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One of the greatest deterrents to the increase of knowledge in medical sciences today is the progressive specialization of the individual disciplines. Any book which makes even a partial try at bridging the gap between two branches is likely to be worthwhile. This book is successful in presenting to the chemist the ideas and practices of the immunologist, and in presenting immunological facts to the chemist. It is written by two competent students of Heidelberger, the outstanding leader in this country in the field of immunochemistry.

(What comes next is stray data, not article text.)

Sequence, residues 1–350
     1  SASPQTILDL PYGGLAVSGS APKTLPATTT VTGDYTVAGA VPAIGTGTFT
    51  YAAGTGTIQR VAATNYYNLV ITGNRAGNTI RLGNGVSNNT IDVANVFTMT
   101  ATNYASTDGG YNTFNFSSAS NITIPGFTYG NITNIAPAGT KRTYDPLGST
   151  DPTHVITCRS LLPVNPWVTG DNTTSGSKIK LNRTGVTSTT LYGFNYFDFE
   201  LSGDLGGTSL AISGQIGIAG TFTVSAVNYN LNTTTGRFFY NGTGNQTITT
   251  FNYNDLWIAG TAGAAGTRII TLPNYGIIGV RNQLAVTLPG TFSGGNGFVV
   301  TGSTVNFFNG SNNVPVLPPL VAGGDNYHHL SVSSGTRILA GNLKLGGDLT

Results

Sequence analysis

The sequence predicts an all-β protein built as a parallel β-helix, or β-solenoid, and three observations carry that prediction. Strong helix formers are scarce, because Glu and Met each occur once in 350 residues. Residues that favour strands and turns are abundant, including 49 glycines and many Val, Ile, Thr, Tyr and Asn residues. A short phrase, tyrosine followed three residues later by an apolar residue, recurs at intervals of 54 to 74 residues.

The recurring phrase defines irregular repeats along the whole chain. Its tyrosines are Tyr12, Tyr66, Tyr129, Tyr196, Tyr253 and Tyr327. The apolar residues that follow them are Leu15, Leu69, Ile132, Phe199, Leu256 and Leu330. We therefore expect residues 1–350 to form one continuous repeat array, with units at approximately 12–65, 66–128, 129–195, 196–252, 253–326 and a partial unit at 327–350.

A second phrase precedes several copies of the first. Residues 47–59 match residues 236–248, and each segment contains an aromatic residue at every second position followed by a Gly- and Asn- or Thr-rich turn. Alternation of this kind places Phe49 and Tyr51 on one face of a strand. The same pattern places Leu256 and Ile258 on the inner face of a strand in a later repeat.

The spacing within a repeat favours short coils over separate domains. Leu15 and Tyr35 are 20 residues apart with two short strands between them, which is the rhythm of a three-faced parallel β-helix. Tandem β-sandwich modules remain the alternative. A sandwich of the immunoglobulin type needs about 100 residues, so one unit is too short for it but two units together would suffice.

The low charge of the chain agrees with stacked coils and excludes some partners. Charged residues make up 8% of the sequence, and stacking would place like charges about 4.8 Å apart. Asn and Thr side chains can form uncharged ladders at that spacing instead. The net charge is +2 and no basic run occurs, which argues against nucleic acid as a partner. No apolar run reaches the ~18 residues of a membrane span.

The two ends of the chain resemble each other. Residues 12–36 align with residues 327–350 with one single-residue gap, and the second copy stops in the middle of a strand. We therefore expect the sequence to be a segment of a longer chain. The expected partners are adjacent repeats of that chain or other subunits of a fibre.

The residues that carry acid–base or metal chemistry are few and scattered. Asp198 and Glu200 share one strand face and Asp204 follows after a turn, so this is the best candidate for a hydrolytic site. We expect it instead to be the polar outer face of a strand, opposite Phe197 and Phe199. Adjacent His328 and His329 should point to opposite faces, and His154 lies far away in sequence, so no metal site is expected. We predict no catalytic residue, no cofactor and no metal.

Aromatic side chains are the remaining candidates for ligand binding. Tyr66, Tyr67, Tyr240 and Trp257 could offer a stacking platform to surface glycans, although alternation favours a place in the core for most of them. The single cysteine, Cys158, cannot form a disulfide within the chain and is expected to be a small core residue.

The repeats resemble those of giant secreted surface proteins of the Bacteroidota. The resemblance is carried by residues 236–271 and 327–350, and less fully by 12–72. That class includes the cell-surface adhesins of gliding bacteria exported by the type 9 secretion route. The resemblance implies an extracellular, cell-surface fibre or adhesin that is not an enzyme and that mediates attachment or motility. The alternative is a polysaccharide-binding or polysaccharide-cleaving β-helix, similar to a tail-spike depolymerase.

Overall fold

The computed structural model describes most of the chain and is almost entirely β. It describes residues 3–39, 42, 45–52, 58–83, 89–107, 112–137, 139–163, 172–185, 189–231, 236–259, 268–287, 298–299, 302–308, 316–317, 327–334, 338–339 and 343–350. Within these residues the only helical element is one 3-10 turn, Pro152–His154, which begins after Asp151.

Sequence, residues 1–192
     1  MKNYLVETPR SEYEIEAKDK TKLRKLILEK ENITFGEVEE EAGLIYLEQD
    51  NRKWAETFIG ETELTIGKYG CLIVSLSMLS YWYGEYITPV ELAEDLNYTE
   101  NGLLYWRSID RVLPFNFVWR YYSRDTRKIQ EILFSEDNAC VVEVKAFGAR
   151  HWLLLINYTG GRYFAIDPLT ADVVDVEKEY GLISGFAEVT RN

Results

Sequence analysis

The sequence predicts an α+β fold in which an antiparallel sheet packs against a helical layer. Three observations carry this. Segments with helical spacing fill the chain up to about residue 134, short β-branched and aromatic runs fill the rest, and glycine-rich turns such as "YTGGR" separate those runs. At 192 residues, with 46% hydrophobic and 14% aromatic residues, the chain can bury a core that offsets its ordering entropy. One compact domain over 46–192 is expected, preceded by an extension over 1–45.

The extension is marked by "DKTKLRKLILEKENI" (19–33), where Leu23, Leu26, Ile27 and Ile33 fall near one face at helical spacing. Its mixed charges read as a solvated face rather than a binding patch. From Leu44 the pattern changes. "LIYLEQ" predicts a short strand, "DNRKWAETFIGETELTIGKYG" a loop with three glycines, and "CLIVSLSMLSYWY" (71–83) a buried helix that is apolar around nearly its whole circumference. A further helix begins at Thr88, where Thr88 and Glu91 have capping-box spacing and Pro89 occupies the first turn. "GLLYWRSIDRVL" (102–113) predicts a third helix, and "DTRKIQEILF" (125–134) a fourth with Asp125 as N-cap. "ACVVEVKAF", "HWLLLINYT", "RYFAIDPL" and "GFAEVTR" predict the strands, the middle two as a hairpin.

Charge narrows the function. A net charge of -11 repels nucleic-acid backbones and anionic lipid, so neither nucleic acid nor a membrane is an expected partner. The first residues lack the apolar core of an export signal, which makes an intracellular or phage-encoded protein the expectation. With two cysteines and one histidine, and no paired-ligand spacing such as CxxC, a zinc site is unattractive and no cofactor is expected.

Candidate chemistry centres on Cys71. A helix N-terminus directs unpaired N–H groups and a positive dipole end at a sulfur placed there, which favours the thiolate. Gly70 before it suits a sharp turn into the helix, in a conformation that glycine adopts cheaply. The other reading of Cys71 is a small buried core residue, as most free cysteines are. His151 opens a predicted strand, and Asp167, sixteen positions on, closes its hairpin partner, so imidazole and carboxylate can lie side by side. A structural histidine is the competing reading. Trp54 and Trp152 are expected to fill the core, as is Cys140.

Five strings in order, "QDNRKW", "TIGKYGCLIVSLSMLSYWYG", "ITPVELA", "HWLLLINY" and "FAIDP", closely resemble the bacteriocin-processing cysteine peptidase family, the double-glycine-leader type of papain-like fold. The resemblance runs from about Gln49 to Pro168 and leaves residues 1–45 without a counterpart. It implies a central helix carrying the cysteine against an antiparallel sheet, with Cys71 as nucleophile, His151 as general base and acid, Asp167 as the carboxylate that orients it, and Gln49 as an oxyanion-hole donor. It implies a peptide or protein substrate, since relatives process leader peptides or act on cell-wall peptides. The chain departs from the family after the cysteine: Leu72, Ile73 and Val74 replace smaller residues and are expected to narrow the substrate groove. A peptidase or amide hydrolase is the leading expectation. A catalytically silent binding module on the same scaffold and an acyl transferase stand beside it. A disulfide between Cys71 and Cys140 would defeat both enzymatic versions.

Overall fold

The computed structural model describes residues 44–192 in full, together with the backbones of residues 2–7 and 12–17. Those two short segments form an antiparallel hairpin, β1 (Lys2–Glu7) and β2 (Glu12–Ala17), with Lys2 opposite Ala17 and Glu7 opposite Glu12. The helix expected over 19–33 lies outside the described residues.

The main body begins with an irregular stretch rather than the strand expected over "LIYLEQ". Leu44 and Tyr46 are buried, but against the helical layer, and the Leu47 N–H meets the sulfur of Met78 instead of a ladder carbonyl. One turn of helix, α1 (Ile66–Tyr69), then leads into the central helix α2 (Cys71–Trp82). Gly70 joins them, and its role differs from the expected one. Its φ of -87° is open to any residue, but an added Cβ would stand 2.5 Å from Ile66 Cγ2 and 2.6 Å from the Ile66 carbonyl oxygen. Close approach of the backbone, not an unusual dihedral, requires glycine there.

The book has some theoretical discussion throughout, but it is mainly one for use
Experimental Immunochemistry.. Ann Intern Med. 1949;30:872. doi: 10.7326/0003-4819-30-4-872
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Published: Ann Intern Med. 1949;30(4):872.
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Print ISSN: 0003-4819 | Online ISSN: 1539-3704
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